Exposure to smoke, pesticides, other factors linked to childhood obesity — study
New research has identified some of the factors that could increase a child’s risk of being obese.
Led by researchers at the University of Southern California, United States, and the Barcelona Institute for Global Health (ISGlobal), Spain, the new study looked at data gathered from 1,301 children aged 6 to 11 years from six European countries — France, Greece, Lithuania, Norway, Spain and the United Kingdom — and from their mothers.
In contrast to previous studies, which have focused on just one or two environmental factors, the researchers used this data to look at the children’s exposure to 77 environmental factors during pregnancy and 96 during childhood, such as their exposure to air pollutants, tobacco smoke, chemical pollutants such as heavy metals and pesticides, and their access to green space.
“People are not exposed to only one chemical during their lives,” explained Dr. Lida Chatzi, senior author of the study. “They are exposed to multiple chemicals. With that in mind, we try to understand the totality of environmental exposures.”
The findings, published in the journal Environmental Health Perspectives, showed that smoking while pregnant was the factor with the strongest link to childhood obesity, and the only prenatal factor with a significant association. Exposure to smoking during childhood was also linked with having a higher body mass index (BMI), suggesting that quitting smoking is one way that both parents can help protect their child’s health.
“This is quite an important message,” Dr. Chatzi said. “Maternal smoking during pregnancy and exposures to secondhand smoke are quite prevalent worldwide.”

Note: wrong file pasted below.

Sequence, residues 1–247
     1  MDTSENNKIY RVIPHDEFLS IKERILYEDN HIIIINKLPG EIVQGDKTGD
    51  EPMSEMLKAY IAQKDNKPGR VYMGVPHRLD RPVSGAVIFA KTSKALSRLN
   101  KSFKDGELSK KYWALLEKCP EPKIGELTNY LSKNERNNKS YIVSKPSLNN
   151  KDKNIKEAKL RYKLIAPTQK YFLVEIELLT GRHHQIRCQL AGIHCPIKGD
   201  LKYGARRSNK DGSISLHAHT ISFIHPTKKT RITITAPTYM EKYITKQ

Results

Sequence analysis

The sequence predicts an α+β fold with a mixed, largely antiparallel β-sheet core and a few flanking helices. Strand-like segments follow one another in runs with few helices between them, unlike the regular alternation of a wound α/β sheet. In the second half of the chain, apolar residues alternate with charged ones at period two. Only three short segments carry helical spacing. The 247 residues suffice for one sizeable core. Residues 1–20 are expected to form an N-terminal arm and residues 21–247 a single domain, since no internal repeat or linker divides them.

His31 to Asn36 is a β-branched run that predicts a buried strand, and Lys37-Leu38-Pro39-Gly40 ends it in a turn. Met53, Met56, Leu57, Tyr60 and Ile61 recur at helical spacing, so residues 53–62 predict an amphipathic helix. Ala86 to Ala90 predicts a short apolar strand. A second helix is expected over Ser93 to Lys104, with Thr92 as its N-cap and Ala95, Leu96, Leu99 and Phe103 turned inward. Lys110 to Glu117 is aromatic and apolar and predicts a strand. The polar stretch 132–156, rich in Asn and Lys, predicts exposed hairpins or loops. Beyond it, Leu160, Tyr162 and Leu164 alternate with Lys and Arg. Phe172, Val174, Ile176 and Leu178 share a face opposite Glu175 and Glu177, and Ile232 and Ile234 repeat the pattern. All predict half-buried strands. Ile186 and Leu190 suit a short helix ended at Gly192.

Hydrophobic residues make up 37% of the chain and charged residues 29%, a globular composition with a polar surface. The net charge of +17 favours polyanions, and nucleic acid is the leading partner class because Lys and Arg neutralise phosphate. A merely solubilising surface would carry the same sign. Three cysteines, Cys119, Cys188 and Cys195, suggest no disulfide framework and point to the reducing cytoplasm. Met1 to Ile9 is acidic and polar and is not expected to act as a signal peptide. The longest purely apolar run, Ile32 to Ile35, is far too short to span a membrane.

Exposure to air pollution, both in the home and outside, was another factor linked to a higher BMI, as were certain factors related to where the children lived. Children who lived in densely populated areas were more likely to have a higher BMI, but those who went to school in areas that have many facilities such as businesses, educational institutions, restaurants and shops — which suggests a higher level of walkability — were more likely to have a lower BMI.
“With more facilities, children can walk, ride their bikes, go play sports,” Dr. Chatzi said. “You can contrast this with what are described as food deserts, or areas with fewer facilities.”
The researchers point out that childhood obesity is a growing health problem across the world, which can increase children’s chances of developing many health problems later in life including type 2 diabetes, cancer, heart disease and mental health conditions.
“These findings provide further evidence that modifying environmental exposures early in life can limit the risk of obesity and associated complications,” said first author Martine Vrijheid. “The implications for public health are important since these results may help to identify obesity-related exposures that could be targeted for prevention and intervention early in life.” IB
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